Our research in this field

In the Master's specialisation Molecular Chemistry, the unique research facilities that Radboud University has to offer are coupled with the top level research within the Institute for Molecules and Materials (IMM). A selection of research groups for this specialisation are:

- Synthetic organic chemistry (Prof. Floris Rutjes): The group focuses on the development of new and sustainable synthetic (multistep)reactions by using bio-, organo- or metal-catalysts or combinations thereof, synthesis of druglike compound libraries, synthesis of bio-orthogonal click-reactions and chemical synthesis in continuous flow microreactors

- Analytical chemistry (Prof. Lutgarde Buydens): Research involves new chemometric methodologies and techniques for the optimisation of molecular structures. The research programme is designed around four areas: Methodological chemometrics, spectroscopic image analysis, molecular chemometrics, and analysis of genomics, metabolomics and proteomics data.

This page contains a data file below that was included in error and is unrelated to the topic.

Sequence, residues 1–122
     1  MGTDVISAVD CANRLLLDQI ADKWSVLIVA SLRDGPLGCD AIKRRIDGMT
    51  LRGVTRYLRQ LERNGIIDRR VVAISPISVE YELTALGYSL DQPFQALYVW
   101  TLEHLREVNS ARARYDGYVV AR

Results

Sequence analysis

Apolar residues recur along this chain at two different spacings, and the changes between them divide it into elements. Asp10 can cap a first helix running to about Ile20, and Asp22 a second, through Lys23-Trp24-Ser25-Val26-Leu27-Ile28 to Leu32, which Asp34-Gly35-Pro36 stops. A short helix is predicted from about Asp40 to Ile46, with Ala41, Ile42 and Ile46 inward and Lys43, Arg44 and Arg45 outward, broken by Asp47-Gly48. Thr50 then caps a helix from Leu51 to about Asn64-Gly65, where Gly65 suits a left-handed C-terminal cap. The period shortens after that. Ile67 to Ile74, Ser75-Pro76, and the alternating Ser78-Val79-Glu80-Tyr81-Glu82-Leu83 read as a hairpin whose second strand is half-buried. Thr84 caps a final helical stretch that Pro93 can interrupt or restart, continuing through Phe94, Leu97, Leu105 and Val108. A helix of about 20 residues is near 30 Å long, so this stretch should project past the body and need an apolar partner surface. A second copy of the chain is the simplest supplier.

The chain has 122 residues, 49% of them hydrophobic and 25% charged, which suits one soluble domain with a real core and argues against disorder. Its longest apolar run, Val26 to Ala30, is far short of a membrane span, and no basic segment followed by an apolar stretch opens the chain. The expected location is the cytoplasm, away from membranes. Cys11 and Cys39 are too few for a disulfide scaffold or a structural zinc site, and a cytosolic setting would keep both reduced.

- Bio-organic chemistry (Prof. Jan van Hest): This groups uses Nature as inspiration for the design of functional molecules. Research lines that fit in this specialisation include: design and synthesis of modified peptides to alter their biological function, hybrid polymers containing biomolecules for use as antibacterial materials, and smart compartmentalisation strategies to enable multi-step reactions in a single reaction flask.